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Taxes

Understanding the gift tax

Key takeaways about the gift tax


  • The gift tax is not really a tax on gifts. It is a tax that makes it impossible to circumvent estate taxes by gifting all of one’s assets.

  • Gifts under a certain annual threshold ($15K in 2021) to any given person are not taxed.

  • Any gift to a given person in a given year over the threshold counts towards the giver's lifetime limit.

  • Amounts over the limit are added into the taxable estate even though the person no longer owned them.


You or a member of your family might have received gifts from your loved one before they passed away. In fact, they may have gifted you assets from their estate as a way to better plan for your future and handle any tax responsibilities after they died. While it may feel challenging to delve into these issues while you are still grieving, this is part of how your loved one hoped to take care of you after they were gone. And it is important to understand the impact that receiving gifts can have on estate taxes.

What is the gift tax?

The United States Gift Tax refers to a federal tax on any transfer of money or property to another individual. These transfers are not transactional; they are considered gifts if you do not get anything in return. 

As a rule, the following types of gifts are not taxable: 

  • Tuition or medical expenses that you pay directly to the educational or medical provider for someone else

  • Gifts to a spouse who is a United States citizen

  • Gifts to charities or political organizations

Any gift will be tax-free if it does not exceed your gifting limits.

Gift tax limits for individuals

As of 2021, the gift tax only comes into play for the giver when the amounts gifted to any individual over $15,000 in a given year add up to a lifetime limit of $11.7 million. Your loved one may therefore have given you and any other beneficiaries each up to $15,000 per year in the years preceding their death, tax-free. And, anything over this amount would only have been taxed after their lifetime limit was reached. (As we will see below, if your loved one was married, they may actually have given you $30,000 tax-free on behalf of them both, a practice referred to as gift splitting.)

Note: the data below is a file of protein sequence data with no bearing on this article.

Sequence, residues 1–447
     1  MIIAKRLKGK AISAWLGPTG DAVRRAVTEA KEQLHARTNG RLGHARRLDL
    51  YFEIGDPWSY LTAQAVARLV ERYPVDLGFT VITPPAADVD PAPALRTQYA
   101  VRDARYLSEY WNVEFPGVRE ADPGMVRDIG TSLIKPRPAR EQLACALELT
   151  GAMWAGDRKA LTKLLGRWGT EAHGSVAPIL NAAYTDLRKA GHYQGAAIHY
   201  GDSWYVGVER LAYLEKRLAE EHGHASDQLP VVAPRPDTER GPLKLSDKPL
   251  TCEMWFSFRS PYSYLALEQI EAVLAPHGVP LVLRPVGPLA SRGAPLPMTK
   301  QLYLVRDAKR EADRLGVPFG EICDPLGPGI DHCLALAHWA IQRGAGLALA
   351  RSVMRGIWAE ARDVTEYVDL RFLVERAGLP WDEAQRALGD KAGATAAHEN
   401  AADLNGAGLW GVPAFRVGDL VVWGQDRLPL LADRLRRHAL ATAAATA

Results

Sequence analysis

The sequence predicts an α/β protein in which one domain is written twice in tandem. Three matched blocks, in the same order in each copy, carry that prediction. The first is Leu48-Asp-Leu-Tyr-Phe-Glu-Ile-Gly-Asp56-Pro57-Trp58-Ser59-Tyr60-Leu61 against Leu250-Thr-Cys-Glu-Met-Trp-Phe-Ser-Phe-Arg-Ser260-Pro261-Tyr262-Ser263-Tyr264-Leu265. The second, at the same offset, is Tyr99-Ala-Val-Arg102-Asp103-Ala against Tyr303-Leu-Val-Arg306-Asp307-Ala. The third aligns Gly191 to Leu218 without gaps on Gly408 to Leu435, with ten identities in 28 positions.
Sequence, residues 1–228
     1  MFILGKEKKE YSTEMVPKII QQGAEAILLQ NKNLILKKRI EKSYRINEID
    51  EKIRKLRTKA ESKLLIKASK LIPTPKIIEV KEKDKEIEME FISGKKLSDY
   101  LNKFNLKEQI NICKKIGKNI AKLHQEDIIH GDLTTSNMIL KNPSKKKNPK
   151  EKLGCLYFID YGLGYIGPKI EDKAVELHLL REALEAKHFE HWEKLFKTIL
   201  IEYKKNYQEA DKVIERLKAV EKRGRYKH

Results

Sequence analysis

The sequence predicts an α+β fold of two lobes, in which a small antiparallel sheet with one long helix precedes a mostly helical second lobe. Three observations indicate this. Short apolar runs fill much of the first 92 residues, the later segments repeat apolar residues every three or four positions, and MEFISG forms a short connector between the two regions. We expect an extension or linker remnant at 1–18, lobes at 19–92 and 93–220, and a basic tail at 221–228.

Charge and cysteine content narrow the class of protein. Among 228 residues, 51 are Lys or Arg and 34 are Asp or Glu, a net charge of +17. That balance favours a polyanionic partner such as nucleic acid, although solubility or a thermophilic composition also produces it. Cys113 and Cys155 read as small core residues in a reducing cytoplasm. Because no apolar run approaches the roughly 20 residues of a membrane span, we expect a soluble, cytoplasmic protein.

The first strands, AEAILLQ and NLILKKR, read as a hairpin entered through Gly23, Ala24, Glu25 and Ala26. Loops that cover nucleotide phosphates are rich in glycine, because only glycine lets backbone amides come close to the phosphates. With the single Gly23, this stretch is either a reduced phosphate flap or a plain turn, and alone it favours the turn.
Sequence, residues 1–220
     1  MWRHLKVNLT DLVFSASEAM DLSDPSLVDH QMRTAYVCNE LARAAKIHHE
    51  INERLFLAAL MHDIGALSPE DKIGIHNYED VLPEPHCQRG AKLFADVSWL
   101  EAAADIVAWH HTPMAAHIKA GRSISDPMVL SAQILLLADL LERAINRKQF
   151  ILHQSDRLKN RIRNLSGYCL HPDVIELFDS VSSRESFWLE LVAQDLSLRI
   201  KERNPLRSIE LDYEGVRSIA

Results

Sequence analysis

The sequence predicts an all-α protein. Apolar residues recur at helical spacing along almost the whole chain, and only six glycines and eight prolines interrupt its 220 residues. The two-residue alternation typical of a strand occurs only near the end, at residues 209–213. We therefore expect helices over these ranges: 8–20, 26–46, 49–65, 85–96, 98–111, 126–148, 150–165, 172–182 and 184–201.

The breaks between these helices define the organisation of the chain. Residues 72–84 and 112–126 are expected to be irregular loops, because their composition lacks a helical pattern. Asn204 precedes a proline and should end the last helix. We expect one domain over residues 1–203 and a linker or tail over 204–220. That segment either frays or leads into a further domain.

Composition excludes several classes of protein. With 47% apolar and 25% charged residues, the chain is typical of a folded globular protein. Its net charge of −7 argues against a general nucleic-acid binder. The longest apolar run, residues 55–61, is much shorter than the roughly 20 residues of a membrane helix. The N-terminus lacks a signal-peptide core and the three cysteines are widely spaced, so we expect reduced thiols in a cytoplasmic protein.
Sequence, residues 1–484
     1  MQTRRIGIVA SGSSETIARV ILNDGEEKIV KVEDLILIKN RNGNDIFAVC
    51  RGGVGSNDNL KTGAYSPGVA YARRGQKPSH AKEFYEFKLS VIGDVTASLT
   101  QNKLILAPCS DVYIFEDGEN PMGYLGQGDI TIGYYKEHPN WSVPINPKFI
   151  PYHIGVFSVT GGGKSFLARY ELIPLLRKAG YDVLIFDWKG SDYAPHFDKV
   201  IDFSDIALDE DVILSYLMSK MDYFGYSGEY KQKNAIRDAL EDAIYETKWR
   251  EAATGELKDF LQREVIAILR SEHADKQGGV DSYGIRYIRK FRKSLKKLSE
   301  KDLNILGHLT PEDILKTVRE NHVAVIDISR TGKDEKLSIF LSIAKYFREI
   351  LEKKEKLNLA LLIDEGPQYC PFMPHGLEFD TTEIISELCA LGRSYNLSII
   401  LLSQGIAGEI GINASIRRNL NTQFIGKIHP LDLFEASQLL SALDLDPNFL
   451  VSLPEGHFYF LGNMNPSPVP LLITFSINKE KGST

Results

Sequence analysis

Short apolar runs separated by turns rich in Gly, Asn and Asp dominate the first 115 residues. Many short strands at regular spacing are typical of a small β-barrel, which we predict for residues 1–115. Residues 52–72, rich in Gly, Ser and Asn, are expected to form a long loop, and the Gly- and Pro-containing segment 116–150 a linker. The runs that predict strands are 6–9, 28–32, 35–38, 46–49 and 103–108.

This $15,000 does not have to be exclusively in the form of cash. For example, you could receive $5,000 cash and $10,000 in stocks. Or $15,000 worth of land or any other type of asset.

The gift tax is designed to make sure no one entirely bypasses estate taxes through gifting most of their assets to their heirs during their lifetime. Therefore it is the giver, not the receiver, of a gift that is primarily responsible for paying the tax.

The gifting limit allows for gifts of reasonable size to be given, while making it possible to monitor large gifts. 

If your loved one gave you more than $15,000 in assets or cash in a year, they needed to file a gift tax return, using IRS Form 709, to declare the gift. This effectively allows the IRS to track how much cash or assets one has gifted throughout one’s lifetime. In 2021, individuals get an $11.7 million lifetime exclusion.

In other words, the $15,000 per year is a measure of whether any given gift is counted toward this threshold. One could give $14,000 each per year to several people without it ever counting toward the lifetime limit. Only amounts exceeding the annual exclusion count toward the limit; any annual gift to a single person that exceeds $15,000 will be added to the calculation.

So, if your loved one gifted you $40,000 in a given year (assuming there was no gift splitting), the first $15,000 of that gift is tax-free. The other $25,000 would have been added to the total toward their lifetime exclusion. Once all those amounts over $15,000 totaled $11.7 million, any future gifts they gave over $15,000 would have been subject to the gift tax, which they would have paid each year along with their income taxes.

The gift tax and estate taxes

The exclusion for the gift tax is the same threshold as that of the federal estate tax, and they are added together. In other words, if the value of your loved one’s estate exceeds $11.7 million in 2021, then it will be subject to federal estate tax. But if they gave gifts that were over the yearly limit during their lifetime, the threshold for whether the estate will pay estate taxes will be lowered by the total amount that was over that limit.